California law gives anyone the right to walk into a police department and inspect a wide variety of information, from crime and arrest reports to statistics on officer-misconduct complaints, say the MediaNews newspapers. A statewide audit of such access shows a wide gap between the law and the reality of what happens when people ask to see public information at police stations.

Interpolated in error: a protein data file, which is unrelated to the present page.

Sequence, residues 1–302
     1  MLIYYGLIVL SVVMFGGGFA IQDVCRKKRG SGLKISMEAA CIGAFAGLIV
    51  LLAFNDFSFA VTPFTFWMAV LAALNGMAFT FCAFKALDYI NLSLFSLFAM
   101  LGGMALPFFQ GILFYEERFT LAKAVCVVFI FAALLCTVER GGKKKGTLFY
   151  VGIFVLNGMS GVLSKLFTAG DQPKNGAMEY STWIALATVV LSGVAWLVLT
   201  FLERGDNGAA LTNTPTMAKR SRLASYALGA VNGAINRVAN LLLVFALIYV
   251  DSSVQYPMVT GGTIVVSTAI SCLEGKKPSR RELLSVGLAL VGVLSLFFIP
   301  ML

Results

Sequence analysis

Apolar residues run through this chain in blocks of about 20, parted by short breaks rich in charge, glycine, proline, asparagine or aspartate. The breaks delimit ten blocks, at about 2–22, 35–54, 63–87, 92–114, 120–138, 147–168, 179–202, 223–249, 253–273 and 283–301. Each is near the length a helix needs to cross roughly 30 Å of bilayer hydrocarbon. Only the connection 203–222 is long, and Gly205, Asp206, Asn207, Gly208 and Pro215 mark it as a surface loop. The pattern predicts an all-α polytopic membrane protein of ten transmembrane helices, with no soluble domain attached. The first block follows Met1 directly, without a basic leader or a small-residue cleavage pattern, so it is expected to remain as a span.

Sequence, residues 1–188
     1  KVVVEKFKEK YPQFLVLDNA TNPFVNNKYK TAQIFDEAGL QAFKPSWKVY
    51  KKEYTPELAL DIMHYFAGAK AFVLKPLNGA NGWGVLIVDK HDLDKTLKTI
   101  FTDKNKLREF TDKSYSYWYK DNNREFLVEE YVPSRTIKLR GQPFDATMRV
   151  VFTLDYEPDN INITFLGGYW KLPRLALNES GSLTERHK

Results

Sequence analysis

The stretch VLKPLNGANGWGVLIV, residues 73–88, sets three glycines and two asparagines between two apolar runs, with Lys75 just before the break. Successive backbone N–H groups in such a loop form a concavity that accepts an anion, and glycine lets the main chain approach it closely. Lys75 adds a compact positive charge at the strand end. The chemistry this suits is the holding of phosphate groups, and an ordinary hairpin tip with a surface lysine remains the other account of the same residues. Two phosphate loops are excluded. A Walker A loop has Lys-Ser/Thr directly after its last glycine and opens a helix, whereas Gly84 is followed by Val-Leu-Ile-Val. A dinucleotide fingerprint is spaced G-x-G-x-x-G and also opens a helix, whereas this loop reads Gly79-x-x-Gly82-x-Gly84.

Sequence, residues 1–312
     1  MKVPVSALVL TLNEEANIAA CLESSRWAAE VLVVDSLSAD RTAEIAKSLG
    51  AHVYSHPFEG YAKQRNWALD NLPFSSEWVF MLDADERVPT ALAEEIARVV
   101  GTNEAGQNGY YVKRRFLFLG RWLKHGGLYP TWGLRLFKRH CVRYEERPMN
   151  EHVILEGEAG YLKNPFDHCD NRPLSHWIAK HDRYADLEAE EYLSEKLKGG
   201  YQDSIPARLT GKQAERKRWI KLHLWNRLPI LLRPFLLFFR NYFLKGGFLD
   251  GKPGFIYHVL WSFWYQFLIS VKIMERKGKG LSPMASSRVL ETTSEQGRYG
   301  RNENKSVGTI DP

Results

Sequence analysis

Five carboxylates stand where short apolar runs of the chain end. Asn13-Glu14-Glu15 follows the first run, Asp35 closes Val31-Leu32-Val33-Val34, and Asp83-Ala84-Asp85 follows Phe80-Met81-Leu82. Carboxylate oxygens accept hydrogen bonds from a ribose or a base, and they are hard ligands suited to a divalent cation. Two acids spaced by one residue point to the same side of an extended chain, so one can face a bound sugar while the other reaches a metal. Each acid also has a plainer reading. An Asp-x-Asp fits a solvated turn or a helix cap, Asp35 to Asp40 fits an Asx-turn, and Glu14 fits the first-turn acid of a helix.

Police often violated laws that mandate open access to public records and delayed for weeks the release of ordinary reports, intimidating people who asked for them, and researching their backgrounds, said the audit of more than 200 departments and California Highway Patrol offices. More than 60 journalists took part in the audit Dec. 4 in 34 of California’s 58 counties. The effort was coordinated by Californians Aware, a Sacramento-based group that advocates transparent government and records access. Police in Pico Rivera, near Los Angeles, said people “can’t just walk in here and make these kind of requests.”